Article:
When used in tandem with some smart amp-based EQ whittling, these first two suggestions may be all the only bits of the list you’ll ever need.

Try New Strings

Most people can throw down $5-$7 on a set of strings once in a while, and if you’re feeling blue about your tone, changing up your string brand or gauge is one of the most effective tweaks you can make.

Every brand has their own feel and sound, so it’s worth experimenting a bit. Say you’re a devotee of nickel plated strings but you’re getting a little too much zing. Try a set of pure nickel strings next time around, which tend to be warmer. If 10s lack some low end thump, try stepping up a gauge. Flats, ground-round, coated and uncoated, different metals… There’s a whole world of options out there. Go nuts.

Swap Pots

A common mod you’ll hear about from Jazzmaster owners in particular is tossing the stock 1meg volume and tone pots out for a lower value. Doing so warms up your guitar’s sound by shaving off a bit of the volume and high end response.

When I’m explaining the basics of how pots work to a customer, I liken them to the flood gate of a dam. If the gate’s wide open, it lets all of the water through, while closing the gate permits only a trickle. The value of potentiometers does something similar.

A pickup wired straight to the output jack is what I’d call ‘wide open’ – the full signal coming from your pickup is going to the amp without restriction. When you introduce a volume pot you’re limiting how ‘open’ that gate can be. A 1meg pot is pretty close to wide open, letting a lot more signal pass than 500k, and 500k passes more than 250k. It’s because of this that we often pair certain pot values with different types of pickups (i.e. 250k for singles and 500k for humbuckers).

The stock value for your Jazzmaster or Jaguar is 1meg, which has much to do with the bright tone of these guitars. When you swap out for a lower pot value, you’re shifting the resonant peak frequency lower, invoking a warmer sound. Stepping down to 500K is enough of a change for many players, but going all the way to 250 shaves off an even greater amount of high end.

For an example of what lower pot values can do for you, Nels Cline’s famous “Watt” Jazzmaster has 250k pots, which works perfectly for a man known for hating treble.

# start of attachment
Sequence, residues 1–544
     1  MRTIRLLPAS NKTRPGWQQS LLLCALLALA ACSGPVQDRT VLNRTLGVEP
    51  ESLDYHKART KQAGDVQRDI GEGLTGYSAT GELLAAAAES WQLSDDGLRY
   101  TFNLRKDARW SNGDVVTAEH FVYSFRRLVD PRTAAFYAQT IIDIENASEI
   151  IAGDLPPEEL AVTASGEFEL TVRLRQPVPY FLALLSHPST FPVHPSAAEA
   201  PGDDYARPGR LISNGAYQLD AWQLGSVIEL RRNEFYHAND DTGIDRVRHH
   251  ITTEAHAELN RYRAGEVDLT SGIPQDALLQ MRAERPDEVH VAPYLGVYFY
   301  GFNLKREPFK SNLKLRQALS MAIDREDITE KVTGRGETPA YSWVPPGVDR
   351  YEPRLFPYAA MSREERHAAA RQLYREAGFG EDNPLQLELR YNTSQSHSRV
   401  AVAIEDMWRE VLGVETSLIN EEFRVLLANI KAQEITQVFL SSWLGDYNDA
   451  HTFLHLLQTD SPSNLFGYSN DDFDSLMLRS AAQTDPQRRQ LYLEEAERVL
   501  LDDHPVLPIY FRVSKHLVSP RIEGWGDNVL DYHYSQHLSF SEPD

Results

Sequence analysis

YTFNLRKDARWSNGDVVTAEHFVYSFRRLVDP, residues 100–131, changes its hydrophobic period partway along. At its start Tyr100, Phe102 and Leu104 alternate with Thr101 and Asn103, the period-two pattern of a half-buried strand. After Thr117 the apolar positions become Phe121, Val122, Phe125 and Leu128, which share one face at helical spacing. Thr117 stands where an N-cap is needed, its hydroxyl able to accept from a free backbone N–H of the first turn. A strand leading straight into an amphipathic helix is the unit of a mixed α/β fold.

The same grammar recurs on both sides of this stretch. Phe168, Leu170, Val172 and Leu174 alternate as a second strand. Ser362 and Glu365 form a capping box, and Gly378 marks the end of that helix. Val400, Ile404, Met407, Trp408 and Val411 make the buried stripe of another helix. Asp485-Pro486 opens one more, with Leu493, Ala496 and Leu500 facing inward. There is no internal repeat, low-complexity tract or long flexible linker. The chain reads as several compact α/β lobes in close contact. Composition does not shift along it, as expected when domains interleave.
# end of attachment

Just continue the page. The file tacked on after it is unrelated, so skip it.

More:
My signature Redbeard cable from our pals at Sinasoid, available through Mike & Mike’s!

Ditch the Lossless Cables

While the arguments surrounding the effect of cables on tone are never-ending, it makes perfect sense that anything between your guitar and amp could alter your tone. And while many cable companies boast ultra-low capacitance, conductors made from rare materials, or instrument-specific lines, many of the most influential musicians of the last 50 years used whatever they could find to make that all-important connection.

Hendrix’ use of long, coiled cables is one of the examples many point to when citing how a cable can have a huge impact on the sound of a guitar. Coiled cables by nature are actually much, much longer than similar standard cables––there’s almost three times the material between the plugs! As a result, the signal from the guitar has to travel a much longer distance to reach its destination, and thus, increased capacitance. The greater the capacitance, the less high end that is transmitted through the cable.

Capacitance is no joke and is something worth considering when you buy a cable. That said, ultra-low capacitance may not be the best choice for everyone. When our pals at Sinasoid offered to design signature cables for the shop, I specifically asked for a longer, higher capacitance cable than what I was used to, and I couldn’t be happier. So ditch the buffer and short leads and see what happens.


Swap Pickups